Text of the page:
Coping Without Tuition—When A Child Is In The Top Class

Some of us may be curious about the challenges, if any, faced by parents whose children are in high-ability classes. Is it more stressful because one’s child is surrounded by high scorers, or less stressful because work is a breeze for them?

 We spoke to mum-of-two Florence, whose eldest daughter, aged 10, is in a top class at a popular school. To date, her daughter has managed to keep up with her schoolwork, and tuition is kept in mind only as a last-resort option. As Florence puts it, the journey is “not without heartaches and struggles,” but she prefers to “keep learning in-house rather than pay hefty sums for tuition.” Below, she shares her daughter’s study routine with us, and recommends her favourite learning resources.

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How did you choose your daughters’ school?
I chose the school mainly because I am an “old girl.” However, it was also because I felt it is a good school that provides a holistic education. This school focuses not just on results, but also on the spiritual, emotional, and social development of the students. I had a wonderful time when I was in the school, and as I am a Christian, I value the Christian environment that the school provides; it’s a place where my daughters can grow stronger in our faith. 

On average, how are your 10-year-old’s grades?
Her grades are around 90%. The results of her four subjects fluctuate slightly but work out to be fairly equal. So she might score higher in Maths and Chinese for one exam, but do better in English and Science for another. 

Was she always able to cope with her work, or did you decide against tuition for other reasons?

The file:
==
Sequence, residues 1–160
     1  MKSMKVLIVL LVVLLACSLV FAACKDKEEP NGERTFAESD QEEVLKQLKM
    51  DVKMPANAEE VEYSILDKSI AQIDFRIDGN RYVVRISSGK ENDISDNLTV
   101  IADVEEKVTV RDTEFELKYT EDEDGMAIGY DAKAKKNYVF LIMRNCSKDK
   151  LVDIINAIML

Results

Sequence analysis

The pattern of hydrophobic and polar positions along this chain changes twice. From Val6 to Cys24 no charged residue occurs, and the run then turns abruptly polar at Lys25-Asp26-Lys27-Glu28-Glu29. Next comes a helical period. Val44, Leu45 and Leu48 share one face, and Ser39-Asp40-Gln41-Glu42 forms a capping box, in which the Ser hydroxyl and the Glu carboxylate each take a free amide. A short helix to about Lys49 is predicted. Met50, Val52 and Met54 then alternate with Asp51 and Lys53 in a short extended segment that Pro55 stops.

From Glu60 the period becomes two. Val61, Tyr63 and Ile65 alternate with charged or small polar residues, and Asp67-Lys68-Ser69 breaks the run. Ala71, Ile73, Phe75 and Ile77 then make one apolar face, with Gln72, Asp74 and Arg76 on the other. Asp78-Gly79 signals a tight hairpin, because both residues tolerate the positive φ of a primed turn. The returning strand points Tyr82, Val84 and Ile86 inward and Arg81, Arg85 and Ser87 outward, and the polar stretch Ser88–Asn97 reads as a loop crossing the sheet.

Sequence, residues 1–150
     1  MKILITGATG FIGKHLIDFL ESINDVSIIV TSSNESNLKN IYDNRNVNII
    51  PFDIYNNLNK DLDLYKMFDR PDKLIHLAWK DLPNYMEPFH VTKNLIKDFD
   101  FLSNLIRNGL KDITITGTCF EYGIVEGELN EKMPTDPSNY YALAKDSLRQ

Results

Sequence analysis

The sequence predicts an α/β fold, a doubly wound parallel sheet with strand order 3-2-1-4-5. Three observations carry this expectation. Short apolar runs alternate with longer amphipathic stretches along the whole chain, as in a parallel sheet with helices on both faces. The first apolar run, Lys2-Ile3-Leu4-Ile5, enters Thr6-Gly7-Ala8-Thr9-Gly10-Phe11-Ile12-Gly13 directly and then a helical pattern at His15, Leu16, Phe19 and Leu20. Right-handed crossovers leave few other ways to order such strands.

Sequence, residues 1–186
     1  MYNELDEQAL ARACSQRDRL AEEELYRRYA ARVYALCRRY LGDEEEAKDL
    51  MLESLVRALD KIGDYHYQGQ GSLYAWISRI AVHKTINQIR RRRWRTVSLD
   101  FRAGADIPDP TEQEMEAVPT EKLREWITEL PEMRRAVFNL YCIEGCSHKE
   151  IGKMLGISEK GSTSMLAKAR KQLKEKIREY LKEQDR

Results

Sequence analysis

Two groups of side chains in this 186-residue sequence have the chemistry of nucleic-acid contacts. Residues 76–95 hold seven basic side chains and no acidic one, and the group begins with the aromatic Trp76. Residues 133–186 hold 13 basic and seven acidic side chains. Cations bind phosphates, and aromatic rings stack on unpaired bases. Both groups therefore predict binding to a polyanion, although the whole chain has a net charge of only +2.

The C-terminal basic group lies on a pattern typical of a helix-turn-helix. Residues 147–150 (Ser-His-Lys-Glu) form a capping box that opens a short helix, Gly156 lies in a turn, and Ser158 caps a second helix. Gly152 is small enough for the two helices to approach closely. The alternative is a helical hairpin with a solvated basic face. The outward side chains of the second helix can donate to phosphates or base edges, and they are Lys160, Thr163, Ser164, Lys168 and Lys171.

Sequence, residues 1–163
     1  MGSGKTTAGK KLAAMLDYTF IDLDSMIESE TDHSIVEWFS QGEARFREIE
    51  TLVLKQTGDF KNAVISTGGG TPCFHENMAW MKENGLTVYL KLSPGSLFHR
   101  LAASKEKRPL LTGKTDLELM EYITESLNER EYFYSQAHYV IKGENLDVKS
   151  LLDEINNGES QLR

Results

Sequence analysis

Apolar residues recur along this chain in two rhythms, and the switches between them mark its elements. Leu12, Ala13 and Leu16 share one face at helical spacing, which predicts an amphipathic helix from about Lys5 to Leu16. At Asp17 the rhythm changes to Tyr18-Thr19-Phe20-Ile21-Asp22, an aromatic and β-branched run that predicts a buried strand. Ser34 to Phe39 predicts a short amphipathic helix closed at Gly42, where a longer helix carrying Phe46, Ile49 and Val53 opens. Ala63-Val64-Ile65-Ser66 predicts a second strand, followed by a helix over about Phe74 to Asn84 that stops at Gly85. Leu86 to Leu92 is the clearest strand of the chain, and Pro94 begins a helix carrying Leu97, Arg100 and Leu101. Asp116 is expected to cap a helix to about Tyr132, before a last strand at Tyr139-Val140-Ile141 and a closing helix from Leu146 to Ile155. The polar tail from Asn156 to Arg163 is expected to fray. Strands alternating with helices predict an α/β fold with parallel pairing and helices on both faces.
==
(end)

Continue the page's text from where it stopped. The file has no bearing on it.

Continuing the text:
So far, she seems able to cope, and up to this stage, I am still able to help her in her subjects. I do monitor her progress closely, and think I might send her for extra classes if her results warrant it. But as long as she is doing fine, I prefer to keep learning in-house rather than pay hefty sums for tuition. Also, since I have been the one working with her, I have a good idea of what she is weak at and we focus more on those areas. 

Do you (or does she) feel any stress about being in the top class?
There is definitely some stress involved, because all the girls are extremely clever and many of them get very good results. I know she hopes her results will allow her to remain in the top class so that she can be with her friends. I try not to give her too much pressure as long as she is doing her best. I am happy if she is able to keep up generally, and have no expectations for her to top the class.

Does she attend any enrichment classes?
At present, her enrichment classes, such as piano and ballet, are not related to schoolwork. The only schoolwork-related enrichment class she has taken is English phonics, which was during her kindergarten years. I strongly believe in that as it sets a very good foundation. That’s why I had her younger sister go through the same route as well.

How do you help her with her schoolwork?
On normal school days, I don’t spend much time helping her. Her schedule is tight because of her enrichment activities, so she only has time to finish her homework from school. I would say at most, she spends one to two hours a week on revision beyond schoolwork. Her main revision tends to start close to the exams, which is not ideal. I’m trying to get her to revise her work on a more regular basis. 

How do you set exam targets for her?
My target is for her to get around 90% for all her subjects and she is aware of this. We do not aim for full marks, although that would be a welcome bonus! When the target is not met, I will evaluate the situation and we will give the “weaker” subject more attention. If she does exceptionally well, we will praise her and sometimes get her a gift as a reward.